Shocking investigation reveals 70,000 dogs in Bali murdered and served to tourists every year

June 19, 2017 by  
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Each year 70,000 dogs are brutally killed in Bali , Indonesia, according to an investigation spearheaded by Animals Australia (AA). The animals are strangled, bludgeoned, or poisoned and then fed to tourists who think they’re eating chicken meat. AA estimates seven times more dogs are killed in Bali yearly than in the Yulin Dog-Eating Festival in China. Evidence obtained by ABC’s 7.30 program revealed a huge dog meat trade in Bali. An AA undercover investigator spent four months posing as a documentary maker to uncover details about the trade. Known simply as ‘Luke,’ the investigator said he started by getting to know key players in the unregulated industry, and “eventually, they invited me to join them as their gangs stole, hunted, poisoned, and killed dogs.” Related: Dogs raised for meat in South Korea to get forever homes in the US AA campaign director Lyn White said, “Tourists will walk down a street, they’ll see a street store selling satay but what they are not realizing is the letters RW on the store mean it is dog meat being served. They’re just sitting down ordering satay have no idea that they’re eating dog.” And it’s not just street vendors selling the meat to tourists as chicken, but restaurants as well. The Bali Animal Welfare Association, an organization working to rescue the animals from dog traders, has discovered 70 restaurants serving dog meat. It’s not illegal to consume dog meat in Bali. But White said it is illegal to kill animals cruelly or to consume meat tainted with poison. Luke described aggressive methods and said although he’s trained himself to cope with cruelty, in one village where he saw dogs being caught, nothing had prepared him for the brutality. On one occasion he witnessed hunters catching dogs by laying out fish meat laced with cyanide. For the first time in his career, he switched off his camera as he watched a puppy die over agonizing minutes. He said, “I sat stroking him as he died and found myself apologizing for the cruelty of my fellow man.” According to ABC, while some local people think dog meat is healthy, the practice isn’t a long-held tradition. Hindu leader Gusti Ngurah Harta is among those working to end the trade – he said Bali Hindus consider dogs to be a holy animal and that it’s upsetting people are eating them. AA is willing to partner with the Bali government to end the trade and find a positive solution, which may include compensating those who make their living in the trade. You can sign their petition for the governor of Bali here . Via Animals Australia , ABC , and International Business Times Images via Pexels and Pixabay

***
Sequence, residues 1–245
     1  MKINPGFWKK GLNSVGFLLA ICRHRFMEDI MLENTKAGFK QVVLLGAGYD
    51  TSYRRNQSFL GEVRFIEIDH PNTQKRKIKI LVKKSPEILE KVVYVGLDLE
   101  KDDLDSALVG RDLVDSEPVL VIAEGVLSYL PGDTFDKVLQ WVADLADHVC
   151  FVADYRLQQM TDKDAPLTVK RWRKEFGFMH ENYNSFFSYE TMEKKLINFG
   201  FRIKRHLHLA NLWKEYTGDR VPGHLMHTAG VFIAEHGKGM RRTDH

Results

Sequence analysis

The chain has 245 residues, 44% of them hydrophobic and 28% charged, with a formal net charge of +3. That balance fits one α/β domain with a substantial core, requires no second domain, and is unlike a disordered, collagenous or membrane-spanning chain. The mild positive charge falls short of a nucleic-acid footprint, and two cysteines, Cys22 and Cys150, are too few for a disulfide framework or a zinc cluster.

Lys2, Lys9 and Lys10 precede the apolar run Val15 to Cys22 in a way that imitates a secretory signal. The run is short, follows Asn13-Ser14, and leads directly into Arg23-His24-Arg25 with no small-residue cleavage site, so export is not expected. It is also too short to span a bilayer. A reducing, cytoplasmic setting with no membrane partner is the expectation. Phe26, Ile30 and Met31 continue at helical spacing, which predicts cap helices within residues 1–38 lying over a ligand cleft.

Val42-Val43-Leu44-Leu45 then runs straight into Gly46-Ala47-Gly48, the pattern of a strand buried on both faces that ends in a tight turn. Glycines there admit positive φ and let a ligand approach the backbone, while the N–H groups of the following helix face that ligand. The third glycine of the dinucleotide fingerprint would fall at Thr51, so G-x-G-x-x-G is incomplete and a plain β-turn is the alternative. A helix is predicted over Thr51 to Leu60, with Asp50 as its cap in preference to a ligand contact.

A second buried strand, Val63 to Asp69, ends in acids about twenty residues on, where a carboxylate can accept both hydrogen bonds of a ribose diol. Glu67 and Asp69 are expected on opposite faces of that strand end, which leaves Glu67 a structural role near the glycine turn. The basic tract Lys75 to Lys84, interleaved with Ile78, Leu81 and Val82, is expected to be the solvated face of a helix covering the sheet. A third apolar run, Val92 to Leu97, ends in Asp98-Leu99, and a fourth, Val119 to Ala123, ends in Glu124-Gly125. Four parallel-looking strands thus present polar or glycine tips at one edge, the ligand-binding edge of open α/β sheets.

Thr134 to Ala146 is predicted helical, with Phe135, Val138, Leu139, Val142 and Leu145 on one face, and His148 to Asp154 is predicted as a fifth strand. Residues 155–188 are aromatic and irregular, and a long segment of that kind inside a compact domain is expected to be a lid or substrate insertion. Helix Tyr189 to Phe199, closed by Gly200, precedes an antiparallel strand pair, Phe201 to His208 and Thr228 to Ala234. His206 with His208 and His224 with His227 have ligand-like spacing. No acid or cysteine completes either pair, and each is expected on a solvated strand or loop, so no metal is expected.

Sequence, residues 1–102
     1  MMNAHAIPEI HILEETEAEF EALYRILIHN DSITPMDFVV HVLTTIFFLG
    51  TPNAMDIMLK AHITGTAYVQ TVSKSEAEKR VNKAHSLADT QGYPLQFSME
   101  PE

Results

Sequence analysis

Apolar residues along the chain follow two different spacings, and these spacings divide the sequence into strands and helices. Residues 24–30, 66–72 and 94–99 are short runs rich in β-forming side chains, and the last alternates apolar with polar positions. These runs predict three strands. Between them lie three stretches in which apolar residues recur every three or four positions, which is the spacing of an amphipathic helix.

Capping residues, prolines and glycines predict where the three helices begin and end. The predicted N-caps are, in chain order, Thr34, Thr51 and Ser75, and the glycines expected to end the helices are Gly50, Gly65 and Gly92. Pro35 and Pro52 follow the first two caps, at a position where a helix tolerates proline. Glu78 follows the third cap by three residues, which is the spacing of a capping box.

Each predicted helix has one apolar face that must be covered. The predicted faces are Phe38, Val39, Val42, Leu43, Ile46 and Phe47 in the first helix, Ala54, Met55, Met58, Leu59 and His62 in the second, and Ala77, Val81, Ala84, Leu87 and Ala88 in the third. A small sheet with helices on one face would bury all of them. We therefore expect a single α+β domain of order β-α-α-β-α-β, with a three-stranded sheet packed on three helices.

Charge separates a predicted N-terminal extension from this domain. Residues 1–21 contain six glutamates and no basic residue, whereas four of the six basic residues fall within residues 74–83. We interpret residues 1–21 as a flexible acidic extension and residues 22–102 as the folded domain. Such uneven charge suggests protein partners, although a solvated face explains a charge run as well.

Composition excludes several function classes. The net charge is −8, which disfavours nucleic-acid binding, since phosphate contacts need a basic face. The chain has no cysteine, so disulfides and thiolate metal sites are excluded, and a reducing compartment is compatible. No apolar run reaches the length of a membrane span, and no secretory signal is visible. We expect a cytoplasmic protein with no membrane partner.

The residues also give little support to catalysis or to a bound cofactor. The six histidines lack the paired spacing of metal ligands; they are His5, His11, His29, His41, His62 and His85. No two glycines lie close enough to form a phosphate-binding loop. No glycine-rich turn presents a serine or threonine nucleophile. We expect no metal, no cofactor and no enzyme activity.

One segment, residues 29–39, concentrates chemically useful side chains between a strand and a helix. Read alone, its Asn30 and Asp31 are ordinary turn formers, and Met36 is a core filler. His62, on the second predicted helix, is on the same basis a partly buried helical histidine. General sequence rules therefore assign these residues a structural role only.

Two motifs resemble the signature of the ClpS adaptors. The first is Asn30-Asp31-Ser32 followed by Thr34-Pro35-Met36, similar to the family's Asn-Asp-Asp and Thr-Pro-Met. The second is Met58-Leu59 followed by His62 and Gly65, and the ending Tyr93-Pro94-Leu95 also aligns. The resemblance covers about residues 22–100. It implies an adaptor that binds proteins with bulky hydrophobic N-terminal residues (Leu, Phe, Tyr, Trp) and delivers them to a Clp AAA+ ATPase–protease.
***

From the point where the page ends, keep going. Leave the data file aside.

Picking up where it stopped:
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Shocking investigation reveals 70,000 dogs in Bali murdered and served to tourists every year

Glowing circle made from thousands of recycled notebooks celebrate Bilbaos book festival

June 1, 2017 by